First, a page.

How is holding cryptocurrency as a business taxed? 

There is no tax simply for holding cryptocurrency. You will not be required to pay taxes unless you dispose of or earn crypto rewards. 

It’s important to remember that holding crypto can potentially lead to tax benefits. Capital gains from cryptocurrency held for more than a year are taxed at a lower rate for individual investors. If your business is structured as a flow-through entity, holding your cryptocurrency for over 12 months can reduce your tax bill. 

How are crypto losses taxed as a business? 

If you dispose of your cryptocurrency at a loss, it can be considered a capital loss. Capital losses can offset capital gains and potentially reduce your tax liability. 

Remember, you’ll have to dispose of your cryptocurrency to recognize a capital loss. If you are holding your cryptocurrency, there is no taxable event — and therefore, no capital loss. 


Can you write off cryptocurrency as a business expense? 

Ordinary and necessary expenses related to the course of doing business can be claimed as a tax deduction. For example, if you used cryptocurrency to pay relevant business expenses, you can claim a tax deduction based on the fair market value of the crypto at the time of the disposal. 


How do I prepare for tax season if I have cryptocurrency transactions? 

If your business involves cryptocurrency transactions, you should keep detailed records showing your cryptocurrency’s fair market value in USD at the time of receipt and disposal. Your records should contain the following information: 

  • The type of crypto involved in the transaction
  • The amount of crypto involved in the transaction
  • The date you received the cryptocurrency
  • The date you disposed of the cryptocurrency 
  • The fair market value of your crypto at the time of receipt 
  • The fair market value of your crypto at the time of disposal 
  • The cost of relevant fees 


If you paid your employees in cryptocurrency, you will need to keep records of the value of the cryptocurrency at the time of payment so you can accurately report this information on your W2 Form. 


How do you report crypto business taxes to the IRS? 

How to report your cryptocurrency taxes depends on your business structure. 

How do I report taxes as a sole proprietorship?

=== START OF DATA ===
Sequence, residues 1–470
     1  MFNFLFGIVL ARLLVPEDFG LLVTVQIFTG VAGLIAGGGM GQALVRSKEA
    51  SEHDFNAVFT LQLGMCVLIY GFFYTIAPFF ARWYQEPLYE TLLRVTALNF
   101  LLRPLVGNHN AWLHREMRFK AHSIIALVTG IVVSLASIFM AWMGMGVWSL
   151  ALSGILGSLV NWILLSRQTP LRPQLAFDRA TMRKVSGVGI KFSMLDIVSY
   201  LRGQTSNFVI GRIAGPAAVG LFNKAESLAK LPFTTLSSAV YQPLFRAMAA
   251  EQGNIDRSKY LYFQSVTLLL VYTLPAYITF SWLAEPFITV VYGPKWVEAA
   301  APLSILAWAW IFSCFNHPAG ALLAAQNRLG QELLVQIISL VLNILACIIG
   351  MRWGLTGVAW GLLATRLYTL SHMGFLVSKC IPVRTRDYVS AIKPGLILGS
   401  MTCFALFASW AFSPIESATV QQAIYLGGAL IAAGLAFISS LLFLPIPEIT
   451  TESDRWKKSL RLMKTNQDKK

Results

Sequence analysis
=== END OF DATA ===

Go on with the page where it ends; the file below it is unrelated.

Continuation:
If you’re running a sole proprietorship, your income and capital gains should be reported on your individual tax return. That means income should be reported on Schedule C of Form 1040, and capital gains should be reported on Schedule D of Form 1040. 

How do I report taxes as a corporation or flow-through entity

If your business is set up as a flow-through entity, your business capital gains should be reported on Form 4797, Sales of Business Property, and should flow through to your Form 1040, Schedule D. 

Your business income should be reported as well. Here’s the form you can report your income for a few common types of business entities: 

C-Corp: Form 1120 

S-Corp: Form 1120S 

Partnership: Form 1065

If your business is a flow-through entity, your flow-through income should also be reported on Form 1040, Schedule E. 


In conclusion 

If your business deals with cryptocurrency, maintaining meticulous records of your income and capital gains is essential. Quality record-keeping not only saves you time and effort during tax season but also, with our collaboration with BYDFi, provides you with efficient tools for quick and time-saving calculations anytime.”


Author Biography: David Kemmerer

David Kemmerer is the Co-Founder and CEO of CoinLedger. David has been involved with the cryptocurrency industry since 2017, when he began experimenting with automated trading systems to execute market-making and arbitrage strategies. Eventually running into the difficult tax reporting problem, David launched CoinLedger with his two co-founders in 2018 to automate the entire cryptocurrency tax reporting process. Prior to launching the company, David worked within sales and go-to-market teams inside of software giant Oracle.

David has spent the past three years building the CoinLedger product and team to solve the tax reporting and portfolio tracking challenges that cryptocurrency users face. David is a Forbes Finance Council member and an expert on the tax implications of digital assets.

In his free time, you can find David out on the water, playing music or reading somewhere in Austin, Texas, where he currently resides.